Windows 8.1 was released officially the week before last and brought with it all the goodness, and not as goodness, described in my previous blog post.
Although it seems like there would be significant changes in the four months since we last addressed the topic, not much changed as far as the feature set in the final release. Most of the additions discussed in the last post still apply. The Start Button, Start Screen improvements, the changes to search, and the adjustments to screen scaling all made the cut and are now out in the wild for the enjoyment of the general populace. It’s also a lot slimmer than its predecessor, which is a boon to those of us with smaller hard drives. Let’s take a look at the release.
How to Get It
If you’re already running Windows 8 or 8.1 Preview, the how of getting it varies. Enterprise users must obtain the media from the Volume licensing site and run through the install process. For those of us running Windows 8 Pro or even RT, the update can be found on the Windows store once your OS install is patched and up to date via Windows Update. 8.1 preview users can find the instructions for their install direct from Microsoft here. For those still running Windows 7, or even XP, you will find that Windows 8.1 has replaced Windows 8 in retail stores and can be purchased readily. Upgrade paths are here.
I would be remiss if I didn’t point out this chart from that TechNet article that draws attention to what the upgrade may do to your current install. Even those coming from Windows 8 might find themselves reinstalling all their applications.
What Does It Get Me?
8.1 brings additional refinement to the often disregarded Windows 8. It takes what was a decent — yet very different from its predecessors — operating system and adds utility, robust features, and above all usability. The changes seem relatively minor on the surface, but 8.1 makes a big enough shift to be to Windows 8 what Windows 7 was to Vista.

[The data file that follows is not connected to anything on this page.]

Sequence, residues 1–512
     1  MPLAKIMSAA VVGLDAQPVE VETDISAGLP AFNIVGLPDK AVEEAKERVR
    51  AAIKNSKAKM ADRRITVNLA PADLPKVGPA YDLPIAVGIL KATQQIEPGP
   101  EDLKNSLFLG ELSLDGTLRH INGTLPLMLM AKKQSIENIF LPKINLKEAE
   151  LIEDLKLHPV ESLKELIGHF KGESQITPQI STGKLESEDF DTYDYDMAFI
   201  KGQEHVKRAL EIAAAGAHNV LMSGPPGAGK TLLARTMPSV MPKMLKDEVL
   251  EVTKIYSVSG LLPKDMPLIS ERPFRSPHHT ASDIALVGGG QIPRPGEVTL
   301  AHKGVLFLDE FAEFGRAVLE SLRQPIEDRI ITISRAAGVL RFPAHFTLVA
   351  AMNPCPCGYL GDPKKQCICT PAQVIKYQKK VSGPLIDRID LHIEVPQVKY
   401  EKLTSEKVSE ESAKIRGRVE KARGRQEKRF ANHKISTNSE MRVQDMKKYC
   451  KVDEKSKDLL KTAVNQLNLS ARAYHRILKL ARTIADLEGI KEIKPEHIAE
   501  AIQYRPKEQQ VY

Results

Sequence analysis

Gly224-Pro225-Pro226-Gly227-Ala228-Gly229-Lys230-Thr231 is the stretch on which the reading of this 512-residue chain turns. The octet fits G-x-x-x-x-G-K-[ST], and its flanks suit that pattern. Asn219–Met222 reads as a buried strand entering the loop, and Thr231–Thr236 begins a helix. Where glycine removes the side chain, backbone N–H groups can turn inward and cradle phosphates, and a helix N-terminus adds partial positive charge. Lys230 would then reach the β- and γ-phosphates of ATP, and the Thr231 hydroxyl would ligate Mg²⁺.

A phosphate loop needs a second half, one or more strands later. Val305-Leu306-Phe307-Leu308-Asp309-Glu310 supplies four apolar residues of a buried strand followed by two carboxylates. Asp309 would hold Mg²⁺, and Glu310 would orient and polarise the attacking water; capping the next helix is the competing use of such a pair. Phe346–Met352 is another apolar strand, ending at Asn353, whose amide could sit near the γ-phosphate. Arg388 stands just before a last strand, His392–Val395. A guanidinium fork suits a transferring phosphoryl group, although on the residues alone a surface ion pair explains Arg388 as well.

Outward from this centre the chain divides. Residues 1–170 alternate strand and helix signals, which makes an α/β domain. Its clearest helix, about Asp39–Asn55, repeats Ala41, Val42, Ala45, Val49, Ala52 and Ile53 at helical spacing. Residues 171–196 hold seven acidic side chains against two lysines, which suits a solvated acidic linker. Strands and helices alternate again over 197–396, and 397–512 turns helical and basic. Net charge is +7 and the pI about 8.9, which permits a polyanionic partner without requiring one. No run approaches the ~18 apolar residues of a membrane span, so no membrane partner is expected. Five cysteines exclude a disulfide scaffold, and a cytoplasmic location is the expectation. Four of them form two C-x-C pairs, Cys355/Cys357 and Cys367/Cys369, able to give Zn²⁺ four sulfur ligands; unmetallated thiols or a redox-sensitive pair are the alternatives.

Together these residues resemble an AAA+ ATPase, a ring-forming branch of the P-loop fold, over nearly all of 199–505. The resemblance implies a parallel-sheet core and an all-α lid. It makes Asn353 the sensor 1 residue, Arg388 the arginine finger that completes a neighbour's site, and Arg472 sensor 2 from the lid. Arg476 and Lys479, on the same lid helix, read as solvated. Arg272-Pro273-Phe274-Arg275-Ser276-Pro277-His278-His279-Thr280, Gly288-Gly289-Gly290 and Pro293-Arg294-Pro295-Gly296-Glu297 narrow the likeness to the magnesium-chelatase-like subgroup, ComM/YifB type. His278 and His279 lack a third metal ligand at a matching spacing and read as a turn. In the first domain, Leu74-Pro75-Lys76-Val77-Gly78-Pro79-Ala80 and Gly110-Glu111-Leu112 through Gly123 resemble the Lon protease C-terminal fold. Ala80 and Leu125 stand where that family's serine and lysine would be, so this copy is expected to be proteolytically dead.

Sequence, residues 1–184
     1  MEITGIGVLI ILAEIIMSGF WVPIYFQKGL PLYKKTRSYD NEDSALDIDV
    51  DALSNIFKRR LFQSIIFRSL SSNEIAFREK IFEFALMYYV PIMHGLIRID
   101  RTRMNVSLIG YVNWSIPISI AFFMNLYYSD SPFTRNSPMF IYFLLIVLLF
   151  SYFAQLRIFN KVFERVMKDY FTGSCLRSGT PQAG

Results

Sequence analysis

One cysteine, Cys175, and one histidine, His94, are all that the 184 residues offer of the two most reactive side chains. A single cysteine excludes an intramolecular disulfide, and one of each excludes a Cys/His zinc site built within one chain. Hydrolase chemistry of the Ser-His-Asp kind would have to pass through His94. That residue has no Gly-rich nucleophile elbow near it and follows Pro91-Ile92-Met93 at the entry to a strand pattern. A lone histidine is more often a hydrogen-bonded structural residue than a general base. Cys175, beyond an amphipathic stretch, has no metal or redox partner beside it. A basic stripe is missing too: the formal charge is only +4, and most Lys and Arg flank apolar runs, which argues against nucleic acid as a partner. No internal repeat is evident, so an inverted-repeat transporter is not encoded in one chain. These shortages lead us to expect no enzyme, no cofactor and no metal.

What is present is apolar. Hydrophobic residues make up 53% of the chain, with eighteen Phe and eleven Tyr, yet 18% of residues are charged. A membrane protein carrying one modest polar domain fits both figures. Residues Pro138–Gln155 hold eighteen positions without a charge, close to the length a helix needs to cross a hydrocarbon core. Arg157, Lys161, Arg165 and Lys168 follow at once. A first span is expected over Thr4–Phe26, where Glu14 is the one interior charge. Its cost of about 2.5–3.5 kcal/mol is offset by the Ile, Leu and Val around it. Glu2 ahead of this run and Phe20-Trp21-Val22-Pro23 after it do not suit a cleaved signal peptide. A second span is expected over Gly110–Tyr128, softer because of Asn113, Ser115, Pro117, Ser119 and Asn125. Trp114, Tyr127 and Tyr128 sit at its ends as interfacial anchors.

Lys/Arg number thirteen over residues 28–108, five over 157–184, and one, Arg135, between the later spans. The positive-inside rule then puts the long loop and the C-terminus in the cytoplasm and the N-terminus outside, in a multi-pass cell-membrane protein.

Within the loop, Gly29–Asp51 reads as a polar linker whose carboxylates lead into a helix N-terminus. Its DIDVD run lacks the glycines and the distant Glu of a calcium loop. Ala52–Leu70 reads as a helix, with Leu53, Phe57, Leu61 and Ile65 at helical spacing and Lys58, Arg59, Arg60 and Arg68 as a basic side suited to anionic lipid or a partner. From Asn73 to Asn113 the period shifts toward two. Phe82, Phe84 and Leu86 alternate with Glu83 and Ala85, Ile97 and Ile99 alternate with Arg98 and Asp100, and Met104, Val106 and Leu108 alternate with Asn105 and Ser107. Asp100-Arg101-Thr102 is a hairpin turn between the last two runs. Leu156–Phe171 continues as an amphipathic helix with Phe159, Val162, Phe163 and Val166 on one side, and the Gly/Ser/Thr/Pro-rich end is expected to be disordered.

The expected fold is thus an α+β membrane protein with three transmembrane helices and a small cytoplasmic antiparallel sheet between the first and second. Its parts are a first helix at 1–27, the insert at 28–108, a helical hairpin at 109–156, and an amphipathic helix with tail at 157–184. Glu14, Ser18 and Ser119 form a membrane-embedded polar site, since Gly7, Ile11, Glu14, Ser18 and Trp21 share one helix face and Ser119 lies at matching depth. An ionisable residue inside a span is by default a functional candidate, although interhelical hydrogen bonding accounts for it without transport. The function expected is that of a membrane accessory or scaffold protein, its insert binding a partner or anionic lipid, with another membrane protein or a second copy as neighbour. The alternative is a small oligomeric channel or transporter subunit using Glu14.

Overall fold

Coming from Windows 8, you’ll find that much of the clunkiness of the modern interface has been smoothed out, making it a less frustrating experience. If you are moving to 8.1 from Windows 7, things will still be very different from the OS you knew before, but the transition will be much less jarring than it was to Windows 8. There are a bevy of features I could gush about, but I already have in the previous post. Suffice to say, the last four months have not changed my opinion considerably.
Give It to Me Straight
The release of 8.1 was not, however, without its foils. The most significant being that a subset of those updating from Windows 8 RT to 8.1 RT discovered that there Surface had become a very nice paperweight. A bug in the initial Windows Store update for Windows RT caused bricked devices amongst the customer base. Microsoft quickly released a recovery key for the bricked devices and pulled the update from the RT store until the problem was rectified.
In addition to that, not all the compatibility issues have been resolved. For one thing, IE11 is part of the install and is enforced. There is no rollback to IE10, so you better hope compatibility settings are enough to get your site working. Imagine this fledgling Lync engineer’s dismay when I discovered that Office Web Apps as leveraged by Lync 2013 still doesn’t work with 8.1 and IE11. Despite having it available for months and regular Windows updates, some drivers haven’t quite caught up to the new OS either. To be fair, even though there was a relatively long preview and RTM period, it is still a new release and has some teething issues to resolve.
Bring It Home
Windows 8.1 brings a lot to table, especially coming just one year after the release of the original, and has garnered some attention from the competition. Apple recently announced that the latest iteration of OS X, titled Mavericks, would be a free upgrade through the Apple store as well. This kind of competition for the hearts and minds of the desktop/notebook user is good for both their customer bases.
Hopefully Microsoft’s strategy of regular, incremental releases will pay off for those of us out here in the trenches and the first step in this model seems to bode well for that. There may be some drawbacks to early adoption, of anything really as those who jumped on Mavericks on day one learned as well, but the product here is a great one. I encourage you to talk to your tech staff, or favorite Microsoft partner — like us! — about implementing 8.1 today.